At the very heart of Cornwall's industrial and cultural past lies the market town and port of Penzance. The town, which is the most westerly in the county, takes its name from the Cornish 'Pen Sans', meaning 'Holy Headland', and sits in the north-east corner of the beautiful Mount's Bay, with the iconic St Michael's Mount in its view.
Evidence of early human settlement in the area includes Bronze Age tools and an Iron Age earthwork found at the top of Lescudnack Hill, the Town's highest point. There are also some signs of Saxon occupation with Alverton Street, which runs through the centre of the town, named after a Saxon overlord named Alward.
The 16th century saw Penzance be overshadowed by its bustling neighbour, Marazion. In 1595, along with the other nearby settlements of Mousehole and Paul, it was victim to a Spanish raid, which left much of the town, including its harbour, devastated by fire. However, in 1614 the town was granted borough status, allowing it to quickly overtake its neighbours and become the principal settlement in the Mounts Bay area.
As it continued to prosper over the next two hundred years, Penzance was a frequent stop-over for ships from all over the globe heading to or from the English Channel, with larger vessels anchoring in the relative shelter of Mount's Bay. This constant flow of laden ships, along with the local population's tendency for keeping certain information quiet, allowed the practices of smuggling and privateering to run rife.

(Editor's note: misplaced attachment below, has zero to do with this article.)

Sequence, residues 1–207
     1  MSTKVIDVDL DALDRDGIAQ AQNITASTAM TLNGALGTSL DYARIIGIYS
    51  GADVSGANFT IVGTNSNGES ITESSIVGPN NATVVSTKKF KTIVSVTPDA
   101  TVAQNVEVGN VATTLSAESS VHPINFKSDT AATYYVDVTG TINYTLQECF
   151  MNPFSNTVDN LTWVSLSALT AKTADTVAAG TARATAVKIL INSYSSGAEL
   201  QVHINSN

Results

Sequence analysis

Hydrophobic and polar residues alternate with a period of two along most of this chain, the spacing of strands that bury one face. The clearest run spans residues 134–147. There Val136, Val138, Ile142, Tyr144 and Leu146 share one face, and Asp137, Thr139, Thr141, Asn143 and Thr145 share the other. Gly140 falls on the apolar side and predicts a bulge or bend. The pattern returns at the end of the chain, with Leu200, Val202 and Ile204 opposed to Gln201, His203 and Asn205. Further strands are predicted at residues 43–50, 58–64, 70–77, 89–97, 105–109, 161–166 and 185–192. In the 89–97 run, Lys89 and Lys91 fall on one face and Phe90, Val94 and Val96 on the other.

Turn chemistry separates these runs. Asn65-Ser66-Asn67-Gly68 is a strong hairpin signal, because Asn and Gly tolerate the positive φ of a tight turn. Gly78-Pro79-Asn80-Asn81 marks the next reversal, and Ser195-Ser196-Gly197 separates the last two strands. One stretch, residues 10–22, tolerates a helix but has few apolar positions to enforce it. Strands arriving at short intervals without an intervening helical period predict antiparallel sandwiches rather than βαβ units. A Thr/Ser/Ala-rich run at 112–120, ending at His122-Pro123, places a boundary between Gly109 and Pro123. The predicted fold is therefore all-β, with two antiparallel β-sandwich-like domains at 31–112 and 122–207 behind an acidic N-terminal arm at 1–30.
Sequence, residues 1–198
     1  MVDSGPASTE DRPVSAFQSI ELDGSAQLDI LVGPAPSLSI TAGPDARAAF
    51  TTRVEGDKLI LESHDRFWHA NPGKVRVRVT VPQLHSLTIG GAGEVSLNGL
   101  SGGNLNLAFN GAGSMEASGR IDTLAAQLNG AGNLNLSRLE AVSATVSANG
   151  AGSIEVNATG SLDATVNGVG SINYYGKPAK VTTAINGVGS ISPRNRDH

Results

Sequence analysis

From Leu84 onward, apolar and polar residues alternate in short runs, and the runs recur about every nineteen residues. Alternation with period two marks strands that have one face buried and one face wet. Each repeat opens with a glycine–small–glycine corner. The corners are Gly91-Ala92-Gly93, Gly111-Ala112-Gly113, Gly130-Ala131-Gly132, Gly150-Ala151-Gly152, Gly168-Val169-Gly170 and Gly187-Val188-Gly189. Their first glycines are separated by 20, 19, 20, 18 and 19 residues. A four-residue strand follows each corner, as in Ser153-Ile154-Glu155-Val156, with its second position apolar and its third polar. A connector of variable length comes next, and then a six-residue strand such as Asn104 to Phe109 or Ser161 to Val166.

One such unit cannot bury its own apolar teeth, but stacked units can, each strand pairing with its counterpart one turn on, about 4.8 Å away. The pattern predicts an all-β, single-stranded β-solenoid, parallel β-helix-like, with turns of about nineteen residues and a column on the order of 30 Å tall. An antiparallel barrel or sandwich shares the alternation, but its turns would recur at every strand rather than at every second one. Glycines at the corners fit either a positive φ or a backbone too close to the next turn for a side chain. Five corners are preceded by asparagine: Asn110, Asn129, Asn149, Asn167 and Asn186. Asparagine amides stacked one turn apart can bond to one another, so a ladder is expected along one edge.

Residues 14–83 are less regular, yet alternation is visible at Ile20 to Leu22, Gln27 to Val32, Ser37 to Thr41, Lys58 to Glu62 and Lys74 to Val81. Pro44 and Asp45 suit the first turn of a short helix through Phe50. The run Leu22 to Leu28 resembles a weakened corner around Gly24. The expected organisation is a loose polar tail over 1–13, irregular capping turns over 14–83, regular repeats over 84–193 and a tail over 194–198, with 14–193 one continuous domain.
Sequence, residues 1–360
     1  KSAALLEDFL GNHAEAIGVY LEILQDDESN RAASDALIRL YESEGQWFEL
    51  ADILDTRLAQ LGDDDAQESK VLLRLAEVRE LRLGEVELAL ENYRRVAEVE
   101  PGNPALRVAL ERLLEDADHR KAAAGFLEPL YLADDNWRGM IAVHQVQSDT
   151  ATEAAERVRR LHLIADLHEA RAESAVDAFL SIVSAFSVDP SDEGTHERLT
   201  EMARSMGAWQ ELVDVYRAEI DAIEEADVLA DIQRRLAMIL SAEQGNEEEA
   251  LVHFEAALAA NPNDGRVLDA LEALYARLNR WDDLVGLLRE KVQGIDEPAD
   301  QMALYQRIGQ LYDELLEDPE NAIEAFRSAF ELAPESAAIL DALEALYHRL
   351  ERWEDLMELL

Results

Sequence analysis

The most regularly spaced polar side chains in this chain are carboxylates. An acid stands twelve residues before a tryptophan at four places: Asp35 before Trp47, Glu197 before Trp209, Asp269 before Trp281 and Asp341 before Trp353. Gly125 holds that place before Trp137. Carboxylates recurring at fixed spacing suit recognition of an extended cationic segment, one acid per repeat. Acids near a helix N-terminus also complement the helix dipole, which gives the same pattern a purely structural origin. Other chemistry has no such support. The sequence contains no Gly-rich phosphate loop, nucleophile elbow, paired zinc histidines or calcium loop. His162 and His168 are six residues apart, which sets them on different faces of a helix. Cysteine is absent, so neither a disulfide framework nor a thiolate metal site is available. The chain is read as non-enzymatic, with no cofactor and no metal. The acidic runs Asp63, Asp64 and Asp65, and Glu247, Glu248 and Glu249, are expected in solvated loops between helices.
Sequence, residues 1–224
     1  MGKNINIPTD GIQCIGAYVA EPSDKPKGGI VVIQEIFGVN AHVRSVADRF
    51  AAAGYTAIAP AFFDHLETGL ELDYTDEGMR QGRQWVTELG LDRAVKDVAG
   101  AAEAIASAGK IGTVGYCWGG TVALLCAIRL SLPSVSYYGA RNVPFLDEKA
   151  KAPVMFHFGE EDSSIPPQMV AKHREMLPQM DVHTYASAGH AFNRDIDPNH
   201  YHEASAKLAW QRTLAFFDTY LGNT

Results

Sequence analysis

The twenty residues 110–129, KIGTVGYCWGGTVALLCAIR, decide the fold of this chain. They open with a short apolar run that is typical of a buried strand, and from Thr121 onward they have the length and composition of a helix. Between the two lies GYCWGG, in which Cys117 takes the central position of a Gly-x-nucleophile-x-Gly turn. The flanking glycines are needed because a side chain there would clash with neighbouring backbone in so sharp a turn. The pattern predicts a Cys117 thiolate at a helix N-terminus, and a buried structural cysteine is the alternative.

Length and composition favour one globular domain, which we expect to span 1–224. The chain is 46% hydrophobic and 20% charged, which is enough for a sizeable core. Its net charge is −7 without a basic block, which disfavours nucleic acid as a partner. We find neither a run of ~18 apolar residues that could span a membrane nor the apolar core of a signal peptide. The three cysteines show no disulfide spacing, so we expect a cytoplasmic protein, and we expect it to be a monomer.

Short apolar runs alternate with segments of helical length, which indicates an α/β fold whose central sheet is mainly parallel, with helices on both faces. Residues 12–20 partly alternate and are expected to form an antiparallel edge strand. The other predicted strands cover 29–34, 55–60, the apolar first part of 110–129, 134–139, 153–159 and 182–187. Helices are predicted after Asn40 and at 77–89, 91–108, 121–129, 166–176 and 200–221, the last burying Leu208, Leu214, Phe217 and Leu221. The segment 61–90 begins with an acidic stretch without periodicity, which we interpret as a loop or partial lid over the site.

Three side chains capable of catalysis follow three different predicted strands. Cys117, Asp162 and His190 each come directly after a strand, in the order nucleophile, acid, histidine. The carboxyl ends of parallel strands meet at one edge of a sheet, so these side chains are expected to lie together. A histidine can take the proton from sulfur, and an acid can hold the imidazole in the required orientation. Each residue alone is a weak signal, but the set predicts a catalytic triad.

Luxury goods such as brandy, tea, silk and tobacco where either 'acquired' from passing ships or brought over from France and Spain. Once back in port, the contraband would be kept in secret cellars and underground passages. In fact, an early 19th century smugglers passage was recently discovered below one of the town's harbourside warehouses leading to a local public house. Probably excavated with the help and expertise of local miners, the tunnel even features a spy-hole allowing occupants to make sure the pub was clear of the tax-man before surfacing.
The town was so well connected, with fishermen constantly bringing back news from conversations with passing vessels, that Penzance was said to have known about the victory at Trafalgar and Admiral Nelson's death before the news had reached even London.
Chemist and inventor Sir Humphrey Davey, born in 1778, became the town's most celebrated son when he invented the famous miners safety lamp. By enclosing the lamp's flame in a fine mesh it prevented the possibility of the flame igniting explosive gases that might be present in the mines. The flame would also glow a slightly blue colour if in the presence of the dangerous gases, alerting those around it.
Penzance is now a thriving market town with many independent shops and services operating along its highstreet. The train station terminal and the dual carriageway (the A30) make travelling to and from the town very easy, with St Ives less than 25 minutes away by car and the whole of Penwith, including the picturesque villages of Zennor and St Just, within just a short drive.